Embracing the Disruption
Embracing the Disruption
CAMPAIGN: GM Greener Vehicles
David Tulauskas credits much of his career success to being at the right place at the right time. As a college graduate in the field of mechanical engineering with a background in environmental issues, he was a perfect candidate for the automotive industry when the U.S. Clean Air Act was amended to include stricter standards on gasoline emissions.
As a new grad, the last place David wanted to end up was back in his hometown. He’d held summer internships in the Czech Republic, Finland and a stint in Oregon working for Intel. But after graduation, the opportunity as a regulatory analyst at General Motors presented itself, and his background made him the perfect fit. He helped GM contribute to the development and implementation of new standards placed on evaporative and refueling emissions, acting as a liaison between engineers and regulators at both the EPA and the California Resource Board.
During his 23 years at GM, David’s assignments have been diverse, ranging from being a “plant rat shoveling sludge”, to leading the launch of the first five Cadillac vehicles in China, to being a registered lobbyist in California. David’s current position as director of sustainability did not previously exist.
David views sustainability as a business approach, or mindset, that creates long-term business value by maximizing economic returns and societal benefits while minimizing environmental impacts. It’s also about seeing new business opportunities in addressing social and environmental challenges. Every day he’s driving value for GM by helping the company operate more sustainably, keeping in mind advice he received from the plant manager he worked with early in his career.
“He told us he wanted us to come to work every day looking to make a difference in GM, and I did that throughout the first half of my career.”
When David moved to China where he lived in Shanghai for eight years, he witnessed firsthand the seemingly exponential growth of the auto market and the significant improvements it had on standards of living.
“Four hundred million people in China came out of poverty, and many of them because of the auto industry,” David said. “Mobility changed their opportunities and it hit me then of the scale and scope of impact GM has on the world. Since then, I come to work every day looking to make a difference in the world through GM.”
One of David’s favorite parts of his job is being able to work with external organizations to listen and understand new perspectives. In 2012, he participated in Corporate Eco Forum’s sustainability leadership development program in the Amazon River basin with representatives from nine other companies to learn about the importance of the rainforest, innovations resulting from studying the rainforest, and its relationship to business.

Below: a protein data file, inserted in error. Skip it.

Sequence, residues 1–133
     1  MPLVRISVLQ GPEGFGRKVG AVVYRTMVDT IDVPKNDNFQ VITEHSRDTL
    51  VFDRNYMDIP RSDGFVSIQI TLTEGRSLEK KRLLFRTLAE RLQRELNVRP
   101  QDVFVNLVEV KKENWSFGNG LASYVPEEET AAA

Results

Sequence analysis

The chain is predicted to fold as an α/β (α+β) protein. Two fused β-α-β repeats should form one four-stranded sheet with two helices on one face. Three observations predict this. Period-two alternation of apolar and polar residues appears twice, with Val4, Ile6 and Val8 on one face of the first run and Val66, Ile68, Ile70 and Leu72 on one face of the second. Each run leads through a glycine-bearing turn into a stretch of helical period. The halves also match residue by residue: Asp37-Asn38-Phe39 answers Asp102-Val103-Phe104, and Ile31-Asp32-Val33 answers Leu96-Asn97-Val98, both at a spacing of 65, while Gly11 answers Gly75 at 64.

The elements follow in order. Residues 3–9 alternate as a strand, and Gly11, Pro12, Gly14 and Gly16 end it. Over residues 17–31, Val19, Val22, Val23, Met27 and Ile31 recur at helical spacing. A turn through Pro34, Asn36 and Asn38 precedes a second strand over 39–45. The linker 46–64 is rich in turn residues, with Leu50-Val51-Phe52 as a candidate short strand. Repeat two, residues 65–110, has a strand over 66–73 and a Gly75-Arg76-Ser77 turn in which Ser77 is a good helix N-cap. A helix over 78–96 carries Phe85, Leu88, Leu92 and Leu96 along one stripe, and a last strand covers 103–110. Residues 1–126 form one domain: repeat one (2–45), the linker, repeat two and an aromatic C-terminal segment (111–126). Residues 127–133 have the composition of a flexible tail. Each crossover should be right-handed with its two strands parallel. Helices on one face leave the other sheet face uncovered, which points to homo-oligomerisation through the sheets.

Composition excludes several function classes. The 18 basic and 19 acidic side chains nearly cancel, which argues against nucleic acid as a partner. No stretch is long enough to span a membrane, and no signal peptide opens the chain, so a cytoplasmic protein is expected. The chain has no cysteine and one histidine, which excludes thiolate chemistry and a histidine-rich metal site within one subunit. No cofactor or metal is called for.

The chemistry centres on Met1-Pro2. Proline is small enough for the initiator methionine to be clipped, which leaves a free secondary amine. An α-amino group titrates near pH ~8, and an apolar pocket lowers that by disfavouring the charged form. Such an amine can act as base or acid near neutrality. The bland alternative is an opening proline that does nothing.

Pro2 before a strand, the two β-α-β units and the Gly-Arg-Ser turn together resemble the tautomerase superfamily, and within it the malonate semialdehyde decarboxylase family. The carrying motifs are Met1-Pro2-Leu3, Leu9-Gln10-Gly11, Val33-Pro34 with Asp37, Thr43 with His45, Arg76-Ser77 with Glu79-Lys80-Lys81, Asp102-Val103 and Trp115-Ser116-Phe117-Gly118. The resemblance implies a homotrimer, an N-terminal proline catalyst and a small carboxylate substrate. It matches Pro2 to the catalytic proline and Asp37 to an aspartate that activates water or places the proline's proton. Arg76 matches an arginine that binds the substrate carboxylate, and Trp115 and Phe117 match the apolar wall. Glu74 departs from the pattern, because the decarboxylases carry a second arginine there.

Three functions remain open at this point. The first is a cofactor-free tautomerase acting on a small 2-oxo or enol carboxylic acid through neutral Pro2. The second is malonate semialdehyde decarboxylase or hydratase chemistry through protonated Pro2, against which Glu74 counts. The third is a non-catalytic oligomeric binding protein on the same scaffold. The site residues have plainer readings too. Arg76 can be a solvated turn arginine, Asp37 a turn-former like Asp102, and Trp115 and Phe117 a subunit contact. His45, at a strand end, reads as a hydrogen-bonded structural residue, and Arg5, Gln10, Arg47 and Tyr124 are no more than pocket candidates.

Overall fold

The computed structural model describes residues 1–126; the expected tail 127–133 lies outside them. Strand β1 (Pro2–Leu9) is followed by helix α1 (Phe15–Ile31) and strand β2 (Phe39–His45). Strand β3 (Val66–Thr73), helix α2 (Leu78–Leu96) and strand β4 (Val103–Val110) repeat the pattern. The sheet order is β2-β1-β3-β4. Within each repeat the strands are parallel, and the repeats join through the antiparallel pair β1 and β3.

These experiences have brought David to where he is now, focused on positioning GM to transform transportation through products, plants, people and partnerships, seizing new opportunities to grow the business and improve the lives of our customers.
“I like to think this is about driving business value from a customer perspective,” said David. “We call that customer-driven sustainability.”
The Chevrolet Spark EV is an example of the company’s commitment to customer-driven sustainability. Its peppy 400-lb-ft of torque (the same amount as the Chevy Camaro) makes it a fun car to drive that effectively has zero emissions, as well.
Waste minimization is another example of sustainability in action at GM. The company’s robust landfill-free efforts have transformed the way GM manufactures its vehicles. The company also helps other organizations better manage their waste.
“By looking at waste as a resource out of place we’ve created revenue streams from waste streams,” said David. “We’re driving new revenues that have a positive impact on our top line and we’re lowering costs that help our bottom line. This is good for our customers, too. Our 122 landfill-free facilities are proofpoints of sustainability in action.”
Some challenges David says GM and other public companies face is measuring the value of their social impact and the value consumers put on the sustainability performance of companies. This reinforces the importance of GM’s commitment to put the customer at the center of everything the company does.
David believes a truly successful sustainability future means companies don’t talk about sustainability anymore; it will simply be embedded in the way they do business every day because customers demand it
“Our industry is going to change more in the next 10 years than it has in the last 50 as a result of urbanization, congestion, population growth, and changing perceptions about the environment,” he said. “With what we’re doing in vehicle-to-vehicle communications and autonomous vehicles, electrification, and even bike sharing on our tech center campus, GM is playing a key role in that disruption. That’s exciting.”